Do grades matter?
Does having grades written on assessed pieces of work help or hinder the progress of students? Many schools in the UK and across the world are beginning to adopt “comment only” marking policies, claiming greater success than with traditional “grading” methods. This week I want to consider the pros and cons of each.
Why we use grades
- Students like to know how well they have done so that they can compare themselves to their targets and to their peers. It gives them a clear idea of how hard they need to work in the future to maintain or improve upon their current performance.
- Schools like to know where to place students against their targets, so that they can assess the quality of the education they provide, in order to maintain and drive up standards over time.
- Parents like to know what grades their children have achieved as it helps them to assess the quality of their school provision and enables them to plan for additional support at home if needed.
Conclusion: Grades work! So why would anyone decide to change?
Pitfalls of grades
Increasingly, evidence from studies around the world has demonstrated that a “comment only” marking policy is more likely to influence a student’s future study habits than a “grade only” or “comment and grade” system. This seems counter-intuitive. Surely, if a student is given more information about their performance then they will perform better in the future? Unfortunately not – they tend to forget about the comments made by the teacher and focus solely on their grade. This takes their focus away from the clear guidance on how to improve and replaces the guidance with a label.
Labelling is often very useful, as it helps us quickly identify and categorise things. However, when we give grades, we hang it around students’ necks like a name badge for the lesson, week, term or even year. This can have hugely demotivating consequences for them. If students have done well, they won’t feel as though they need to try harder. If they haven’t done well then grades won’t tell them how to improve (remember – seeing the grade will cause them to ignore most of the written feedback).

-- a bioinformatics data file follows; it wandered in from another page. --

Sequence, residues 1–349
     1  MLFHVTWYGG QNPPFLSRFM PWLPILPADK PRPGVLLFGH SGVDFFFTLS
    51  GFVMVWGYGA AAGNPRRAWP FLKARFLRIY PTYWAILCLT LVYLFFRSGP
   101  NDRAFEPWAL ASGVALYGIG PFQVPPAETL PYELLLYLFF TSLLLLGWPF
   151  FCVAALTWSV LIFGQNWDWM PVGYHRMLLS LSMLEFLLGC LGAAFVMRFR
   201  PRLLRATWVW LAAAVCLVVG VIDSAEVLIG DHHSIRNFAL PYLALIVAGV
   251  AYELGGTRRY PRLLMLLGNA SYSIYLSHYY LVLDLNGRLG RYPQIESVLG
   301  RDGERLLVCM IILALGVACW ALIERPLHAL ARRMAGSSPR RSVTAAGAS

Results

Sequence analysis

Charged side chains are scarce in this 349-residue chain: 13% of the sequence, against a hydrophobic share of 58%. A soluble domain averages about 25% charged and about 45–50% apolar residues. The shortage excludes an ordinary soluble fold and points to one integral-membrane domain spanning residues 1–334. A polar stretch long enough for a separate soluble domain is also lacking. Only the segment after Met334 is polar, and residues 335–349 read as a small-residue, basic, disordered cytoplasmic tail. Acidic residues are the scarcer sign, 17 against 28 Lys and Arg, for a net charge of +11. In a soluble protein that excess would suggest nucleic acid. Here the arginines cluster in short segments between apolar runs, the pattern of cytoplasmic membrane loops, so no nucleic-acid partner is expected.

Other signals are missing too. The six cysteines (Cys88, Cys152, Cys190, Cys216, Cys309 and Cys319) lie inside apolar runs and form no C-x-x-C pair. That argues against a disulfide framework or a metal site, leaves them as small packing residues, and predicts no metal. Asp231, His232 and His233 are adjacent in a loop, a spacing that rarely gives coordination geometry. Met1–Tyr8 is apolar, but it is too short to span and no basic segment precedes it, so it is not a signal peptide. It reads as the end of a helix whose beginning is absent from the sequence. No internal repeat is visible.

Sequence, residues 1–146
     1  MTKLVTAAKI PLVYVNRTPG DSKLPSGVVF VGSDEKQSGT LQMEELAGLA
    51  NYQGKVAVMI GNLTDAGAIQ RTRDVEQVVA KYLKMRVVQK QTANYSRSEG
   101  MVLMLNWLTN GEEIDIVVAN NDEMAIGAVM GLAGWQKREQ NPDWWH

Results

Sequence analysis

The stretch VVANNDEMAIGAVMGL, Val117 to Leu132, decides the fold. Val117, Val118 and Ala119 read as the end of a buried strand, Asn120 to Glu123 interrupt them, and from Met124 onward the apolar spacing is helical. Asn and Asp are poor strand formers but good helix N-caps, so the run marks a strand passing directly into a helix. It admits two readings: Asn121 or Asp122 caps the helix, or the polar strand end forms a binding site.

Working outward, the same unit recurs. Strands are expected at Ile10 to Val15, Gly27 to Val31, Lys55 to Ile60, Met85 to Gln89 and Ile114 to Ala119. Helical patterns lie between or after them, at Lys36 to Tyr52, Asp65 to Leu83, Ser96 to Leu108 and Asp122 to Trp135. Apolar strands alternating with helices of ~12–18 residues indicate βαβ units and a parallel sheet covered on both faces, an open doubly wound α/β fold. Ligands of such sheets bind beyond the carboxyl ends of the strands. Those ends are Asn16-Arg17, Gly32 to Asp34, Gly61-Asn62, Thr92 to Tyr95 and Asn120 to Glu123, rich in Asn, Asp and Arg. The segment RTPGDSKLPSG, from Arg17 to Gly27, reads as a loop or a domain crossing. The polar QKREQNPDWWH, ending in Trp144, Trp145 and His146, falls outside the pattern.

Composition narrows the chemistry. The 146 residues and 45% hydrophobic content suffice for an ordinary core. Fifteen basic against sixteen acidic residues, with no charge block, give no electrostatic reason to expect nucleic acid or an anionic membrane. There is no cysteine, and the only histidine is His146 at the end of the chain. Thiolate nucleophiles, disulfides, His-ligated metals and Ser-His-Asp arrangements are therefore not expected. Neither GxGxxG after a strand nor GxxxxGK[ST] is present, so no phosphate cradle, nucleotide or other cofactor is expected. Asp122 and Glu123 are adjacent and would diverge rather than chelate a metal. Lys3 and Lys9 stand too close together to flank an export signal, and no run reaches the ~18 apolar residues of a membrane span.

Grades are also not always helpful when assessments are largely formative. As I’ve mentioned in previous posts, the feedback process is eternal. In contrast, grades are so “final”. They don’t necessarily tell us what grade a student is currently working at, as progression is not linear – it goes up and down over time (but hopefully more up than down).
So, what is better about “comment only” marking?
“Comment only” marking requires students to evaluate the standard of their work, using the guidance you’ve given, helping them to plan for their own progress. For many students, when they see a “B” grade, they think that that will do (and they may even be right!) However, they might not understand how they achieved that grade, particularly in subjects where assessment is done via extended writing tasks. If they don’t know how they achieved the “B” grade, then they are not in a good position to repeat or improve upon that success later on. “Comment only” marking offers a solution to this, by showing students specific things they can do, to achieve marks in specific areas.
“Comment only” marking: Four Handy Tips
- Give feedback quickly – the longer you leave it, the less impact it will have on the student.
- Be focused. You don’t need to comment on everything – choose the points that will make the most significant difference to the student’s work (probably not spelling in the majority of subjects)
- Be specific – don’t write “add more detail here”, do write “explain why Henry VIII broke away from the Catholic Church”
- Make positive comments as well as negative ones – e.g. “thorough explanation of Plato’s Allegory of the Cave”
- Use the language of the exam board (if appropriate), to help students understand how to show greater quality next time – e.g. “compare this theory to the theories you studied earlier in the course – which is more persuasive and why?”
I’d like to challenge you to have a go at “comment only” marking (where previously you would have included a grade) over the next few weeks. See what difference it makes to students in one class and let me know what you’ve found.
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